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As Alzheimer’s Awareness Month winds to a close, I’ve naturally spent a lot of time thinking about my dad. In 2002, a stroke left him physically disabled; in the years that followed, his memory and speech started to deteriorate. We tried not to let his cane, and later his wheelchair, affect the rhythm and quality of his life. We traveled and took vacations, went to the movies and out to eat. My unstoppable mother kept our family on course, insisting that we conduct business as usual and not deprive ourselves or our dad of a normal family life.
It was not easy. Any person with a loved one with Alzheimer’s knows the helpless frustration and constant anxiety of navigating a world designed for the physically and cognitively able. Will there be an accessible bathroom? Will the wheelchair lift be out of order? Will people stare or comment and will the staff know what to do with us? Eventually, there was only one place outside our home where I felt completely confident taking our dad: my own restaurant.
In the years since he passed away, I’ve come to realize that dining without anxiety about accessibility is a privilege that many of us aren’t even aware of. That’s how privilege works — it’s imperceptible, unless you don’t have it. Restaurants could help level the playing field when it comes to going out to eat, but in many cases, we just make things worse.
Unfortunately, many restaurant spaces are the “opposite of hospitality” for diners with disabilities. The Americans with Disabilities Act (ADA), a civil rights law passed in 1990, sets basic standards for accessibility in public spaces. But without monitoring or enforcement by any government agency or third party, reports of violations are relatively common in restaurants: narrow pathways through packed dining rooms, lack of low-top tables, and bathrooms labeled as accessible that clearly cannot accommodate a wheelchair. Regular inspections could help enforce the law, but as it stands, the onus is on diners to file complaints or suits.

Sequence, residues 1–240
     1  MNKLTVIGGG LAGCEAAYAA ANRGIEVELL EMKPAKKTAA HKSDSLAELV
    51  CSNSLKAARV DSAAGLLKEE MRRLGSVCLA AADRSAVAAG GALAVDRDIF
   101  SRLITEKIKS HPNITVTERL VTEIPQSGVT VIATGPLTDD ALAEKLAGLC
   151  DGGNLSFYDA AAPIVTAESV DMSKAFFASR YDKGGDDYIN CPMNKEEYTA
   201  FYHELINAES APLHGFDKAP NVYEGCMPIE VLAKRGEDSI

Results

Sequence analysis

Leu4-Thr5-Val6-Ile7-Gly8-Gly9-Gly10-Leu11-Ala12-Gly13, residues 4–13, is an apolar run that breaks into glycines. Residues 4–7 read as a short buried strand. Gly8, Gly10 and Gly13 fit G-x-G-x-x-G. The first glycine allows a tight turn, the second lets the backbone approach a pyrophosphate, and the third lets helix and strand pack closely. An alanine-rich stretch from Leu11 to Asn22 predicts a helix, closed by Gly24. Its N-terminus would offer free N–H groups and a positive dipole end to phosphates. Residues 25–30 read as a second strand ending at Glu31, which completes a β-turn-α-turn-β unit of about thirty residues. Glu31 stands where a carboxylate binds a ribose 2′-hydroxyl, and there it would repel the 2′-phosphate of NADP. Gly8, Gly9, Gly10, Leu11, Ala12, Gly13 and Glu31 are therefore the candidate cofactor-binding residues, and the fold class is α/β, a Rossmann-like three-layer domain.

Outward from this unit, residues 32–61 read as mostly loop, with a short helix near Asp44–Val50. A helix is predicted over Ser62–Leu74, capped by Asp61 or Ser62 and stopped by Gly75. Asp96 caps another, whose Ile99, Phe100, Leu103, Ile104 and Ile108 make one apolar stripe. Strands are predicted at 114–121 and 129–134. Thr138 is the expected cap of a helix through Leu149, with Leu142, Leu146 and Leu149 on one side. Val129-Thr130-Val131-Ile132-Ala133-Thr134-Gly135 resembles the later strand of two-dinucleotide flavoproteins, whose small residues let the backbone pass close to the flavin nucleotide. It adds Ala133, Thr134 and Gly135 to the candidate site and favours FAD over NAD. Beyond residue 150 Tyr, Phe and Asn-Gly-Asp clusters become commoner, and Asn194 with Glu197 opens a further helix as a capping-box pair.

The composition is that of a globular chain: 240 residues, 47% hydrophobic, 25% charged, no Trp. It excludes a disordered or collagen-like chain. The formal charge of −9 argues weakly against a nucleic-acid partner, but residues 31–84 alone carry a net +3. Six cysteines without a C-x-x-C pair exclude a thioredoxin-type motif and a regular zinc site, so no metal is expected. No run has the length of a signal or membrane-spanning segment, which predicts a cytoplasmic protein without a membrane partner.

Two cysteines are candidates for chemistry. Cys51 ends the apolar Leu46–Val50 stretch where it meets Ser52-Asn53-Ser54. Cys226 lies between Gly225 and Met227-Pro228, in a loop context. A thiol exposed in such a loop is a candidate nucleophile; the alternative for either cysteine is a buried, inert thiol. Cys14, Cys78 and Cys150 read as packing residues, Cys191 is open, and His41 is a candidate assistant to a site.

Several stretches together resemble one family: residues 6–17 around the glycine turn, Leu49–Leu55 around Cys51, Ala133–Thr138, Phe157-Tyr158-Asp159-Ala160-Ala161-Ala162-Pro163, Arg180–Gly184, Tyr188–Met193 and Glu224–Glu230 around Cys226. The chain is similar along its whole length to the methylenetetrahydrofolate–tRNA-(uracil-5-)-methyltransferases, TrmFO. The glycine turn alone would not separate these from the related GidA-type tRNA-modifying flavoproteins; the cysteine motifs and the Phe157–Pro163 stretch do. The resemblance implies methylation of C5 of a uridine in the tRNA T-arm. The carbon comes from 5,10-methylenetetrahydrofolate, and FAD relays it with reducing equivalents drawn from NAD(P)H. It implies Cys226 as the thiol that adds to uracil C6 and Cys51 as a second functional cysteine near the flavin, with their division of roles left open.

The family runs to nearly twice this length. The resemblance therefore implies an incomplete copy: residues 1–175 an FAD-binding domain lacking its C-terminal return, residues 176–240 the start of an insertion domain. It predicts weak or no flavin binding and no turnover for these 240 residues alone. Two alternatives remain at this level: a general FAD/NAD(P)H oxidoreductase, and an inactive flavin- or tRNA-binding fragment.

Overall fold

Some spaces may comply with the letter of the law while still failing to maintain accessibility for all guests. Loud music is a common issue — even for guests without hearing impairments. “Funky” spaces with multiple levels, or unusual concepts like standing-room-only restaurants can be completely off-the-table for guests with physical impairments. And don’t even get me started on restaurants rushing to eliminate plastic straws.
True hospitality also requires compassion, and compassion relies on awareness. Most restaurants don’t train staff to accommodate diners with special needs, and it can lead to awkward interactions, or disabled guests being ignored entirely. A resource called Purple Table seeks to address this by providing training materials for restaurants that join their online network. On the site, diners can research which restaurants can provide the kind of facilities and service they need and make a reservation with confidence.
As spaces designed for hospitality, restaurants have a unique opportunity and responsibility to attend to the needs of diners with disabilities. The best hosts and servers are skilled at anticipating guests’ needs, whether they’re about accessibility or not, and are trained to address issues without needing to be asked. It’s time for the restaurant industry as a whole to practice this kind of hospitality for all guests. And if doing the right thing isn’t compelling enough, consider this: nearly 1 in 5 Americans has a disability or impairment. The right combination of accessibility and compassion can help restaurants attract guests with disabilities, a market sector with considerable spending power.
As a society, we’re more aware of people with disabilities than ever before, thanks in part to awareness months like April (autism), May (ALS) and June (Alzheimer’s). But the restaurant industry is lagging behind when it comes to creating spaces that are safe and welcoming for diners with physical or cognitive disabilities. Small changes can make a big difference in these diner’s experience. Restaurant owners and front-of-house personnel, check that your accessible bathrooms can actually fit a wheelchair and that your restaurant’s front doors and vestibules don’t exclude people with disabilities. Automatic door openers, ramps with handrails, and service counters with at least a small section 36” or lower are all a good start.
If renovations or facilities improvements aren’t possible, consider how you can offer the best guest experience with what you already have. For example, identify which tables have better light or less noise or are most wheelchair accessible. Provide different kinds of seating to accommodate different guests. And remember, your people are your best resource: train your team to compassionately and respectfully assist diners with special needs, and educate them about ableism with readings or activities. I hope my colleagues will draw the same conclusion I have: accessibility is hospitality.
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